Recently I reevaluated my finances. I determined my recurring monthly and told a friend about it. After she told me my monthly recurring expenses was greater than her salary, I thought I could make a change. I’ve been living in a single apartment for 2 years. I’m hoping to move in with a roommate and cut some that expense about in half (I have already talked to a few people and believe I have plans made, but it’s not been executed yet so I have to count it as in progress still). I have also had to re-evaluate my eating habits. No doubt, the normal person would take one look at my eating habits and say “WTF”. I often eat out for lunch 5x a week and usually 2+ times a week for diner, and not counting weekends in that even, those are free right? Wrongo-Bongo. I’ve tried to be a bit more reasonable in that and purchase food at the beginning of the week and make a lunch. That cuts the expenses in half at least. Couple that with eating out less overall and I feel I’m on a good path.
I have had a hard time giving up the cars. I still have them all, although I have threatened to sell the Mustang (to myself) a few times. I just haven’t pulled the trigger yet. It sounds nice and makes me smile. I’m not advocating for complete immaterialism, although minimalism has made a lot of folks happy. I’ve been considering a quote from a priest friend “I live simply so others can simply live.” That really makes you stop and think.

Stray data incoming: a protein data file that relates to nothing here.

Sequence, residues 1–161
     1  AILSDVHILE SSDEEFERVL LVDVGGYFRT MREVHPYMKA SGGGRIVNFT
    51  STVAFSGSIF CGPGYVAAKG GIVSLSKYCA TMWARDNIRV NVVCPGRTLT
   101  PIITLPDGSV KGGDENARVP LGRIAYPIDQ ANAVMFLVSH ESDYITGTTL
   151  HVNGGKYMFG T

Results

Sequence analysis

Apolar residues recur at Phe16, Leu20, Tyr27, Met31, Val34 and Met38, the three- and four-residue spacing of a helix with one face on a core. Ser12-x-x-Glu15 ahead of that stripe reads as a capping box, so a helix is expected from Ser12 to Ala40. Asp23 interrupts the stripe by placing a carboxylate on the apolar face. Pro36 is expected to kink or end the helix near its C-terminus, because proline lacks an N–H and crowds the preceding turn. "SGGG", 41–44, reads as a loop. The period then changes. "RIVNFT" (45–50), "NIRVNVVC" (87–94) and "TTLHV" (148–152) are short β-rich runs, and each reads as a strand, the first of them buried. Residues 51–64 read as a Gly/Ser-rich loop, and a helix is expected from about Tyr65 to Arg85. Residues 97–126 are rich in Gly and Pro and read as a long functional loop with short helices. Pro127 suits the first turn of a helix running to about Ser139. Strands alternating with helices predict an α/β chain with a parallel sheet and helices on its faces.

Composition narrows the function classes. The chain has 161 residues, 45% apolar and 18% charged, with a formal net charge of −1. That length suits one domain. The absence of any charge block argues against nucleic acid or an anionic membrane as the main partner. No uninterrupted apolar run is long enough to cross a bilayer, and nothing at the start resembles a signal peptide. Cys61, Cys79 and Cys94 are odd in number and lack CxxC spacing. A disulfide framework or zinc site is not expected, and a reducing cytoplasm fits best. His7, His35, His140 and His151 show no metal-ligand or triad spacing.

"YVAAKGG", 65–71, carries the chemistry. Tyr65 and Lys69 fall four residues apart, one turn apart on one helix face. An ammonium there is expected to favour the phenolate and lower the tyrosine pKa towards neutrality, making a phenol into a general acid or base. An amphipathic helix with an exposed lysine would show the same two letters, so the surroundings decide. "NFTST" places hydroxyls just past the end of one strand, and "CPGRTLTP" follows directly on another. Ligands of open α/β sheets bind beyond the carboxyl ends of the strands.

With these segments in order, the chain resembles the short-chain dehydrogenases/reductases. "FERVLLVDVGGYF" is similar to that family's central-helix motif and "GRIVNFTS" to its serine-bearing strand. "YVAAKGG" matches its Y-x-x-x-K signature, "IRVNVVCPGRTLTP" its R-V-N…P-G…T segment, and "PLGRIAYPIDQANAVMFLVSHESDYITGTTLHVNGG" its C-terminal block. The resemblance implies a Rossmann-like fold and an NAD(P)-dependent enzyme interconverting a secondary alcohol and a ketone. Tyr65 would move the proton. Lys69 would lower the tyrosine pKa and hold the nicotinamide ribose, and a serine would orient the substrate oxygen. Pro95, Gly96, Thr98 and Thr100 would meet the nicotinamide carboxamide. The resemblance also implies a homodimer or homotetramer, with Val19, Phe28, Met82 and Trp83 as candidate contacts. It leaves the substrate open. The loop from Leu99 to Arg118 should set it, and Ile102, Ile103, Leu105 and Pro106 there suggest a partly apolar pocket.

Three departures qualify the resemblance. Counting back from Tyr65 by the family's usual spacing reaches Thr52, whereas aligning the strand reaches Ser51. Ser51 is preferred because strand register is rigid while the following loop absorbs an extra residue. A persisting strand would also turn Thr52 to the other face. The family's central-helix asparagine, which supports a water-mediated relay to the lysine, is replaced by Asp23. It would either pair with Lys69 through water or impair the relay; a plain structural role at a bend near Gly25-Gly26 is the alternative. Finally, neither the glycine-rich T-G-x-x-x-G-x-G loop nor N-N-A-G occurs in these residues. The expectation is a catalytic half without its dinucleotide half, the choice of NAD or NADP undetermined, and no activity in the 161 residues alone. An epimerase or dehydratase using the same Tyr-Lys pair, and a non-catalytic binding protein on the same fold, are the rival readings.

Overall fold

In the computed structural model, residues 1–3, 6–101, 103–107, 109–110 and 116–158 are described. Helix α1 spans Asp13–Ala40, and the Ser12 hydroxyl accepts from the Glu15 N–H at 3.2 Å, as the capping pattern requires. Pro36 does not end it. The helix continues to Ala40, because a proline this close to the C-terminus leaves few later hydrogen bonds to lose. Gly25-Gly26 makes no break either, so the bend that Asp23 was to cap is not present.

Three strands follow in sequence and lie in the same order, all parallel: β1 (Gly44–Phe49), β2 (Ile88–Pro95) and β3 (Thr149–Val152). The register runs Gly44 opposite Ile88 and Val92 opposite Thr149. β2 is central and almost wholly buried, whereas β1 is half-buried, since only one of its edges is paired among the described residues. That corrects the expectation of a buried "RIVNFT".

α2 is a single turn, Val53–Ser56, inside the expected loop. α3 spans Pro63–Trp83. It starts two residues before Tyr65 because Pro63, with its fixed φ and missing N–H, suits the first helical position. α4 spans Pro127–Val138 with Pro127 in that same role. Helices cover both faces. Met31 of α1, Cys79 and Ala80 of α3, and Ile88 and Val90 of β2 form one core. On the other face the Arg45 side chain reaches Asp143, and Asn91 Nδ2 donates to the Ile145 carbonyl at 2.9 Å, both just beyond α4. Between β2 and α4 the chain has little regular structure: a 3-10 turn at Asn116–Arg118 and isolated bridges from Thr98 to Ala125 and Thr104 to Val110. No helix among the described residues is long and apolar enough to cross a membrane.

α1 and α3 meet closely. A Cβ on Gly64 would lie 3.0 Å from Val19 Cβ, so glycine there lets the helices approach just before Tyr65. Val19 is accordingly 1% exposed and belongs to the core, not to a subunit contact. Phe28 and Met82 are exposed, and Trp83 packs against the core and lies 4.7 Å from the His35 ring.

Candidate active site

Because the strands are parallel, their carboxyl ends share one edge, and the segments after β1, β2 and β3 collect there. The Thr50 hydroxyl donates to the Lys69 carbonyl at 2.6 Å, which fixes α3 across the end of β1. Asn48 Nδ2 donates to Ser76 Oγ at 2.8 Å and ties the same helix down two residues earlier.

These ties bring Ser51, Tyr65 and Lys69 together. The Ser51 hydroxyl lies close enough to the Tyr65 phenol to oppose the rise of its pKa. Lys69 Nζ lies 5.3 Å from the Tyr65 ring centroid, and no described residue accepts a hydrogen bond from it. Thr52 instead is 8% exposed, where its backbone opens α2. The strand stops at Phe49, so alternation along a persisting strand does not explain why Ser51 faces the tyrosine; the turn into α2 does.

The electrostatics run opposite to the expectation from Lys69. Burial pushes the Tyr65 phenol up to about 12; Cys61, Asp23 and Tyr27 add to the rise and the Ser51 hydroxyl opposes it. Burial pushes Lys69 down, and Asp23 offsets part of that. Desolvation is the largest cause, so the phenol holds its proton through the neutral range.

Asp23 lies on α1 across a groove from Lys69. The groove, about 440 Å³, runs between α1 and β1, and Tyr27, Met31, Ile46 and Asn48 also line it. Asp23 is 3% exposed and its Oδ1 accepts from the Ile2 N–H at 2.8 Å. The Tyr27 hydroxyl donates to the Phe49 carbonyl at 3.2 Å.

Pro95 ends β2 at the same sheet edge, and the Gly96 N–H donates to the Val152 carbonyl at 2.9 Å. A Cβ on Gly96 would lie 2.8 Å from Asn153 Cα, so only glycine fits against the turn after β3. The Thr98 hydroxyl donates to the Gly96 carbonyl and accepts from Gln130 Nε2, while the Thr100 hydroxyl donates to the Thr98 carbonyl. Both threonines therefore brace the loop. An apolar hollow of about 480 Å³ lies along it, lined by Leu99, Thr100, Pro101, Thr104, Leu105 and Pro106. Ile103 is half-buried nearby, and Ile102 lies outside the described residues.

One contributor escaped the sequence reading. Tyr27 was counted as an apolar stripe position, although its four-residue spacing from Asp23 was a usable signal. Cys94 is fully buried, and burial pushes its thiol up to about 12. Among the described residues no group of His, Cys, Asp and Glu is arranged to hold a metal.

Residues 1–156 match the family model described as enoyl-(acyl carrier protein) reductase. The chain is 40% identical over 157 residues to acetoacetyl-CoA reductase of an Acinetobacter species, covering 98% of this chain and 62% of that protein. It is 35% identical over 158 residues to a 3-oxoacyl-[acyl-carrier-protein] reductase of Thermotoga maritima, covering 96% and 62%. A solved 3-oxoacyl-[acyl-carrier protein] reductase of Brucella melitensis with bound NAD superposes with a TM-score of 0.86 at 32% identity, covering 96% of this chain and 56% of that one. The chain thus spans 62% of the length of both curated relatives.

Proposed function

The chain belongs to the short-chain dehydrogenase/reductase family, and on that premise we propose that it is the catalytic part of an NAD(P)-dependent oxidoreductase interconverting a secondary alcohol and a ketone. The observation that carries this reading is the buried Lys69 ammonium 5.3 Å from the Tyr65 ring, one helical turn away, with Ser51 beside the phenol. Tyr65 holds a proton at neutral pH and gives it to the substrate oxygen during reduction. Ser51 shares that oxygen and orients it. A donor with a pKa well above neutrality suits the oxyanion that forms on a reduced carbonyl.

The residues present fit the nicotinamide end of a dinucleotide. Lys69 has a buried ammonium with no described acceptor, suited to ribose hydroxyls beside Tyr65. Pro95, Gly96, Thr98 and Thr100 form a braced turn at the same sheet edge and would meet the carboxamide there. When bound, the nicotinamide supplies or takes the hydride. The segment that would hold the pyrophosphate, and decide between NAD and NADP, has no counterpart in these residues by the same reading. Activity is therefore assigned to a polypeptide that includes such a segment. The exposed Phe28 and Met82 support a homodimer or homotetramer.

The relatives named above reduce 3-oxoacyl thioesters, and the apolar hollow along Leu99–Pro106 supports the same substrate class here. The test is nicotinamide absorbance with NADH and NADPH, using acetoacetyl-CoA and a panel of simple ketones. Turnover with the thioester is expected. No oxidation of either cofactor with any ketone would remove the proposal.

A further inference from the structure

So to bring it back to cars, what car is living simply? What is the complete opposite of a Bugatti Veryron? How about an Elio? This is a car that’s not designed to be a “look at me car”. It’s built on practicality. On preserving the earth. On getting 84 MPG instead of 2.3MPG for the Veyron (at 253 mph). To be fair, it likely won’t be driven that fast, or likely at all, considering the 84 other cars, and 3 jets and a yacht it’s average owner has to spend time driving. Lets be honest, if you make that much money, you likely don’t need to drive yourself around, and probably you don’t! Your body guards probably won’t let you. What if instead of measuring our success by the number of cars we have we measured it by the number of people we’ve helped? Or what if businesses didn’t measure success by how much money they made but by how much they let the people buying their products keep? Crazy?
Here’s my proposal (because I still like cars, a LOT!). Someone who’s rocking one of these 84 cars (Jay Leno maybe?), please let me borrow one, just for a year (and pay my insurance please 🙂 (or maybe about 8 months) and let me use it to find myself and influence people in a positive way. That’s My Wheel Life today. Hope you enjoyed it. And if you know someone who’s own 84 cars, please forward this to them.
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How do you measure your own success?